By Halil Fidan and Behcet Alkan
Civilians in northwestern Syria's Afrin said Sunday that YPG/PKK terrorists had fled the town center several days before Turkey-backed troops took its control.
Turkish Armed Forces and Free Syrian Army took control of the Afrin town center early Sunday as part of Operation Olive Branch, which was launched on Jan. 20 to clear the area of YPG/PKK-Daesh terrorists.
Zeynel Abidin Kazan, 44, told Anadolu Agency they had been praying for Turkish soldiers to rescue them.
Kazan said civilians in the district have suffered under
“Just three to four days ago, we saw terrorists loading their weapons on their vehicles.
“We think that they went to Jazira or Manbij. Their number has already decreased in recent days. We owe Turkey a lot, thank you,” he added.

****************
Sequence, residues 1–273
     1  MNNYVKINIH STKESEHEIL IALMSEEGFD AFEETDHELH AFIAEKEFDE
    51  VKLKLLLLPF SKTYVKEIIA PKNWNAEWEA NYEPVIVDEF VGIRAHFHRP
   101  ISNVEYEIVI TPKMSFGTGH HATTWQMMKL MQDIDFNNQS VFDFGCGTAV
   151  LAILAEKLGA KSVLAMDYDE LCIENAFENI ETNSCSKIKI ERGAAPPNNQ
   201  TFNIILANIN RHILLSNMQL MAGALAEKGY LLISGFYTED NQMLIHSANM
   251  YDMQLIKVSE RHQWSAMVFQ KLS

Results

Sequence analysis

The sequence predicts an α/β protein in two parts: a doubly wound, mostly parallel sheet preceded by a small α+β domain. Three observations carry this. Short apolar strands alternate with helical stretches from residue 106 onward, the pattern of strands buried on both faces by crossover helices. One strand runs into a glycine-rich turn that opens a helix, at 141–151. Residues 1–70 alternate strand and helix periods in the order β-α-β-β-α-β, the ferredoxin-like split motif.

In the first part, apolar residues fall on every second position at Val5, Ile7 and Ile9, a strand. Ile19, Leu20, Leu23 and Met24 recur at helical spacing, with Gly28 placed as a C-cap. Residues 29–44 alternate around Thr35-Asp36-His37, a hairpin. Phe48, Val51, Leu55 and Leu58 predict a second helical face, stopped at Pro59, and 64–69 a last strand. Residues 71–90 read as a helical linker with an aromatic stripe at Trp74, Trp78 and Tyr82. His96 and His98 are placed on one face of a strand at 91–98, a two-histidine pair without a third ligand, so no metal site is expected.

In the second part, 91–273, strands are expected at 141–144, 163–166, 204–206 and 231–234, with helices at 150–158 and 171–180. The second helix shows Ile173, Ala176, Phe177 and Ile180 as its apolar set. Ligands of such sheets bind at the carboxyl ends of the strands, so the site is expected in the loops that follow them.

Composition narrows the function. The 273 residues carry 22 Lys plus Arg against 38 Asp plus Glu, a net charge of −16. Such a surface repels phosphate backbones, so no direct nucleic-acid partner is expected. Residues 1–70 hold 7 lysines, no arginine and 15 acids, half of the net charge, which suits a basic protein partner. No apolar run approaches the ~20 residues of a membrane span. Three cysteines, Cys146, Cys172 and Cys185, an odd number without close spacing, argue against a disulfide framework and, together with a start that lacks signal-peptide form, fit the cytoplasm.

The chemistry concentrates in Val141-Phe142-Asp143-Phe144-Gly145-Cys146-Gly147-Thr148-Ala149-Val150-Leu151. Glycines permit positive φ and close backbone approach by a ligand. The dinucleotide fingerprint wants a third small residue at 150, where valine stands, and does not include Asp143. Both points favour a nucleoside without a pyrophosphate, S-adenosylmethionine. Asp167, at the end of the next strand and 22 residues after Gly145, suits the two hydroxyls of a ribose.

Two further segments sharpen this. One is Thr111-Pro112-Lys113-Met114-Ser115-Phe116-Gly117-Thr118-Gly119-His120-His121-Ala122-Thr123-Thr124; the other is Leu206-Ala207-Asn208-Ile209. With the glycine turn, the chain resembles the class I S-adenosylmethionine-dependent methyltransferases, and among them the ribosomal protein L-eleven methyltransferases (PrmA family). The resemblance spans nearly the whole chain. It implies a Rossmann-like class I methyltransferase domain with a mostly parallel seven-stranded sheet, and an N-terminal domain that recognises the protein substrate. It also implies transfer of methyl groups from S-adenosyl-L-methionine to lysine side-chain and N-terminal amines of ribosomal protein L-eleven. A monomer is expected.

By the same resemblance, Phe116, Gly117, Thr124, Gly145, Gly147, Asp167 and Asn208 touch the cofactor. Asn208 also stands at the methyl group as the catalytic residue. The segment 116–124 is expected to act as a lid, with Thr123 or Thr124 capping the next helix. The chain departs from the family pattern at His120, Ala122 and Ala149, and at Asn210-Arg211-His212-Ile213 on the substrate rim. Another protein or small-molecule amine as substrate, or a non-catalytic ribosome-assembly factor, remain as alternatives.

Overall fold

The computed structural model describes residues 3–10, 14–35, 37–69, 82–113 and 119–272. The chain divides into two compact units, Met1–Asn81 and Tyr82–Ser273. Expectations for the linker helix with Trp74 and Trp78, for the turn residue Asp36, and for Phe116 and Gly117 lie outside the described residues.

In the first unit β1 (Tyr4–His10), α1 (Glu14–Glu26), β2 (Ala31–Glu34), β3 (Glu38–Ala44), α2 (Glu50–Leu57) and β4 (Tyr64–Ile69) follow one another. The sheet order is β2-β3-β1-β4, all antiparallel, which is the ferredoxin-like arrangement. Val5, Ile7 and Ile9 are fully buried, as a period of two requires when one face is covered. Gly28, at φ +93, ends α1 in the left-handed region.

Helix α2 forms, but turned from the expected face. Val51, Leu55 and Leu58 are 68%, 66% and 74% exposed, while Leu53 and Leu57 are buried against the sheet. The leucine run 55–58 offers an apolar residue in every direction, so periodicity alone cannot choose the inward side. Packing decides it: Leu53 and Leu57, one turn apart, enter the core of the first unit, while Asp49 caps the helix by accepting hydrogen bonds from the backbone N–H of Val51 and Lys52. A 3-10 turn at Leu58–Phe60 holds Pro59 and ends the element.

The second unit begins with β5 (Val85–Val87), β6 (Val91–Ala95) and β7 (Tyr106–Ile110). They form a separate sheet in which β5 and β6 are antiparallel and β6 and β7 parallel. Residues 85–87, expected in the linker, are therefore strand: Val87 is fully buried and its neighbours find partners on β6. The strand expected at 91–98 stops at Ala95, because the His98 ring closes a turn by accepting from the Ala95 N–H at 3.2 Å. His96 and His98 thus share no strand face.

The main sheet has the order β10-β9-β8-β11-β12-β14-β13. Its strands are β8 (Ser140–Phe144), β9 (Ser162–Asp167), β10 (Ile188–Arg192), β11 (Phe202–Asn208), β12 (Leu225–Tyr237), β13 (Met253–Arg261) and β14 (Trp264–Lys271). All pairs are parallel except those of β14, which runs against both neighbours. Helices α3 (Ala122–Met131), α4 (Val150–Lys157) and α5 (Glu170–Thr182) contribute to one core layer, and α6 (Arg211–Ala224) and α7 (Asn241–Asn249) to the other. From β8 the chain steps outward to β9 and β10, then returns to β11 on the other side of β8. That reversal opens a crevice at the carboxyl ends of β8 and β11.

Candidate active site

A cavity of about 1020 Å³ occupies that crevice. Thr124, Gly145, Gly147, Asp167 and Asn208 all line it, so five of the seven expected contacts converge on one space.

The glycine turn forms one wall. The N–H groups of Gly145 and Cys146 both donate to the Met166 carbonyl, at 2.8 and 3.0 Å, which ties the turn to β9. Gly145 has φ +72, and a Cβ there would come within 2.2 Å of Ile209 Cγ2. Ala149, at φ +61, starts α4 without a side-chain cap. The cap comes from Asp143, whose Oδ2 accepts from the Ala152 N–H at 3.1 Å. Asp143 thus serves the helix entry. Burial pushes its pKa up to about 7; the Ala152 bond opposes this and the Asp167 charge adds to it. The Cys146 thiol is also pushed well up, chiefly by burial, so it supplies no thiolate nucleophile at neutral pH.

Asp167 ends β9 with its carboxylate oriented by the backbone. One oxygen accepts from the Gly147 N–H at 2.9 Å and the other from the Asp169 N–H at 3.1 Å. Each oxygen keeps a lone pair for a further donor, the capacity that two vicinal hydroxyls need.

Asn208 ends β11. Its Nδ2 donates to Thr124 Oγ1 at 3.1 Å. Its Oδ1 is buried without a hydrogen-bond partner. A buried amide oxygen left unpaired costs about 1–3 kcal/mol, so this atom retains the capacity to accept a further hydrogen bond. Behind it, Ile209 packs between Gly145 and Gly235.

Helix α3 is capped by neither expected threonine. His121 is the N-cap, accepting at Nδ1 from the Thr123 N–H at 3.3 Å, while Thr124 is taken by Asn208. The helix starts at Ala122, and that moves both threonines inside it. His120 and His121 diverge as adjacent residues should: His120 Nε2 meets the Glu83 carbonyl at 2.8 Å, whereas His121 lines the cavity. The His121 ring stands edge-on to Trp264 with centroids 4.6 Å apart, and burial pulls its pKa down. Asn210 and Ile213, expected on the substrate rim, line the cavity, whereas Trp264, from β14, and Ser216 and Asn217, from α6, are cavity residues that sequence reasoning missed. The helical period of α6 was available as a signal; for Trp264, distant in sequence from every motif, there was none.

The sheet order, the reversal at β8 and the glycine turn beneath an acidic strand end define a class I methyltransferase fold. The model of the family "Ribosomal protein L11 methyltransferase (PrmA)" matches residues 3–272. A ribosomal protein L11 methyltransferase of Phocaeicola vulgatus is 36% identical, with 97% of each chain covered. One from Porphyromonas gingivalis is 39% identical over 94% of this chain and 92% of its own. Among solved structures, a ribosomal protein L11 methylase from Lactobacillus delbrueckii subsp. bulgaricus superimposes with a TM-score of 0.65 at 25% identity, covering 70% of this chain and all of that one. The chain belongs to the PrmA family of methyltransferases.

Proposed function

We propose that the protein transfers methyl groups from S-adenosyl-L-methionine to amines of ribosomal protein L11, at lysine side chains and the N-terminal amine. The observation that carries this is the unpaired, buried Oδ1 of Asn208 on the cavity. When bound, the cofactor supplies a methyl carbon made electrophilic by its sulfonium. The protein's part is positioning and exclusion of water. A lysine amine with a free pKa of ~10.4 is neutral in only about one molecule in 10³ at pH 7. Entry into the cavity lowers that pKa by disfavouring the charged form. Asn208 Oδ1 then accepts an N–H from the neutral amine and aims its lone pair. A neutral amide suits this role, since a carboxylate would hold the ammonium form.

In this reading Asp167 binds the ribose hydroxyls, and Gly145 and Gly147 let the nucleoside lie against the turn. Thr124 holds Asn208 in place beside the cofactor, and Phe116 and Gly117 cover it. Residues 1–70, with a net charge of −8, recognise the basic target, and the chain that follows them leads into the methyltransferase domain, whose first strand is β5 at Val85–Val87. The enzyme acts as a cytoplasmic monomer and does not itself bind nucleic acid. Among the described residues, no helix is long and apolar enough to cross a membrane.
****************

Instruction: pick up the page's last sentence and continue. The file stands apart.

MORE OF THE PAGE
Ali Imceddemi, a 60-year-old baker, said the YPG/PKK did not allow civilians to leave the town for days, using them as human shields.
Imceddemi said that they had gained their freedom despite all the difficulties.
“We saw terrorists leave the town four days ago. We think that they went to Manbij,” he said.
“God bless Turkey and President Recep Tayyip Erdogan.
“We hope normalcy returns to our town, and our neighbors who are in other regions come back as soon as possible,” he added.
According to the Turkish General Staff, the operation aims to establish security and stability along Turkey's borders and the region as well as protect Syrians from terrorist cruelty and oppression.
The operation is being carried out under the framework of Turkey’s rights based on international law, UN Security Council resolutions, its self-defense rights under the UN charter, and respect for Syria's territorial integrity, it said.
The military has also said that only terrorist targets are being destroyed and "utmost care" is being taken to avoid harming any civilians.
Afrin has been a major hideout for the PYD/PKK since July 2012, when the Assad regime in Syria left the city to the terror group without a fight.